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Evert Pot's Blog:
Devshed article about SQL Injection
January 08, 2009 @ 07:51:43

Evert Pot responds to a recent DevShed article in a new post to his blog today.

The one major flaw in the article is that it is suggested input validation is enough protection. This is not the case.

He notes that their solution just isn't enough to really protect much of anything in your scripts. He corrects the articles where it says that mysql_real_escape_string is a good secondary line of defense by suggesting that you always use it. It is a much more effective way to remove potentially harmful characters than a regular expression of your own devise.

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DevShed:
Database Security Guarding Against SQL Injection
November 11, 2008 @ 07:54:31

DevShed finishes off their series on database security in PHP applications with this look at protecting your application and data from the threat of SQL injections.

In this article we will continue to explore various attacks that can be made on a database and how to prevent these attacks. We will also build the last page of our site.

Their example script is a login for a secured area of the site and contains a possible place for an injection - non-validated user input. With something as simple as making the username a single quote, an attacker could find out more about your database structure and use that to get further into your systems. To avoid it, they recommend validating with the mysql_real_escape_string function as a first line of defense.

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Ivo Jansch's Blog:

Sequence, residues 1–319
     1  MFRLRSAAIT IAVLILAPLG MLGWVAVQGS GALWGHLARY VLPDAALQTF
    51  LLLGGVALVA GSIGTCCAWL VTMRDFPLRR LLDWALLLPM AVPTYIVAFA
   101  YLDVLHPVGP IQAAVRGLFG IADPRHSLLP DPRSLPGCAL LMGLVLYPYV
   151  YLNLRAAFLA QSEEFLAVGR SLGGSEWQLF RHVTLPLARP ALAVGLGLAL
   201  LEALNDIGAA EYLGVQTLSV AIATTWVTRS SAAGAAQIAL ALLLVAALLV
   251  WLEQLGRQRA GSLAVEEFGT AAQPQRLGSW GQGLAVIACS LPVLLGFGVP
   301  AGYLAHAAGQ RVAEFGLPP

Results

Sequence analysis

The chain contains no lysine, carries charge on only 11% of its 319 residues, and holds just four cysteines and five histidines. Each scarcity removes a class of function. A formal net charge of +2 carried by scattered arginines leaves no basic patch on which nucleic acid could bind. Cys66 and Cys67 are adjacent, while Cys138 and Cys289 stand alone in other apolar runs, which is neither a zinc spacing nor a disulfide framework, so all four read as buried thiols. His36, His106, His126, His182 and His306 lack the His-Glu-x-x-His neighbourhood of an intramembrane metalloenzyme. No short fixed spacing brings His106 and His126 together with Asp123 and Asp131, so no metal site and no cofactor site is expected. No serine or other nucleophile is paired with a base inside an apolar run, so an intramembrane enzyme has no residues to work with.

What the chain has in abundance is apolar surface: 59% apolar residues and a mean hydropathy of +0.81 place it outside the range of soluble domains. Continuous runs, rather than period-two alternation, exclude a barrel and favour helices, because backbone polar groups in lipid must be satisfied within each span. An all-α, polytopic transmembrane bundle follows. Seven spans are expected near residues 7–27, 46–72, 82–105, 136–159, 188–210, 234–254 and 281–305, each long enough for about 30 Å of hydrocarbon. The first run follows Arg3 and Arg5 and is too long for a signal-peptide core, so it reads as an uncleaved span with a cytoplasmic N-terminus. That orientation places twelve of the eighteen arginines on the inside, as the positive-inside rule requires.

Don't use addslashes for database escapes
December 03, 2007 @ 15:27:00

Ivo Jansch has a reminder for developers when they're putting user data into their databases - don't use addslashes.

[Addslashes] is not the best way to escape data. The most important reason is security. addslashes can lure you into a false sense of security. As Chris Shiflett points out, there are situations that addslashes doesn't escape. Use mysql_real_escape_string instead.

Ivo also talks about the advantages of using the right function and suggests another even more secure way too - PDO.

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Chris Shiflett's Blog:
The Unexpected SQL Injection
October 01, 2007 @ 08:47:00

Chris Shiflett points out an unexpected SQL injection possibility as presented by Alexander Andonov for PHP (involving mysql_real_escape_string).

The focus of the article is stressing the importance of filtering input and escaping output, as neither is a substitute for the other, but he does so very clearly with specific examples [...] A number of example exploits are supplied for each case, and he discusses which ones work, which ones don't, and why.

Chris also uses the post to link to Paul Reinheimer's post about add_slashes versus mysql_escape_string and his own post on the same topic.

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